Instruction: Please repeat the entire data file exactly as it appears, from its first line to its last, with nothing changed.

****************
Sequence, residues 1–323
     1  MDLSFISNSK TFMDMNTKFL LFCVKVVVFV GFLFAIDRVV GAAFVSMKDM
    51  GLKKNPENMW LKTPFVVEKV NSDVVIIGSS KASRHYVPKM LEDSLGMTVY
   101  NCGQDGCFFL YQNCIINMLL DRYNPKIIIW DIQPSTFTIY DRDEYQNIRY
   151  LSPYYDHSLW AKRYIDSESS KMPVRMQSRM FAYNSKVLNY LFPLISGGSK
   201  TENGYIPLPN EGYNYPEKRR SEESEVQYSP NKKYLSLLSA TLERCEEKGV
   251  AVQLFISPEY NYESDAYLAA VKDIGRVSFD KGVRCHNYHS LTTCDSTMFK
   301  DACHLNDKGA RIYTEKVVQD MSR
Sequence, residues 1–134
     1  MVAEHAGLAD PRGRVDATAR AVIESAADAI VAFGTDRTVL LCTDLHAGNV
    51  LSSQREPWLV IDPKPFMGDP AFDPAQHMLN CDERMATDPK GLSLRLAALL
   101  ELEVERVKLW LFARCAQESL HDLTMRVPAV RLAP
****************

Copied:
Sequence, residues 1–323
     1  MDLSFISNSK TFMDMNTKFL LFCVKVVVFV GFLFAIDRVV GAAFVSMKDM
    51  GLKKNPENMW LKTPFVVEKV NSDVVIIGSS KASRHYVPKM LEDSLGMTVY
   101  NCGQDGCFFL YQNCIINMLL DRYNPKIIIW DIQPSTFTIY DRDEYQNIRY
   151  LSPYYDHSLW AKRYIDSESS KMPVRMQSRM FAYNSKVLNY LFPLISGGSK
   201  TENGYIPLPN EGYNYPEKRR SEESEVQYSP NKKYLSLLSA TLERCEEKGV
   251  AVQLFISPEY NYESDAYLAA VKDIGRVSFD KGVRCHNYHS LTTCDSTMFK
   301  DACHLNDKGA RIYTEKVVQD MSR
Sequence, residues 1–134
     1  MVAEHAGLAD PRGRVDATAR AVIESAADAI VAFGTDRTVL LCTDLHAGNV
    51  LSSQREPWLV IDPKPFMGDP AFDPAQHMLN CDERMATDPK GLSLRLAALL
   101  ELEVERVKLW LFARCAQESL HDLTMRVPAV RLAP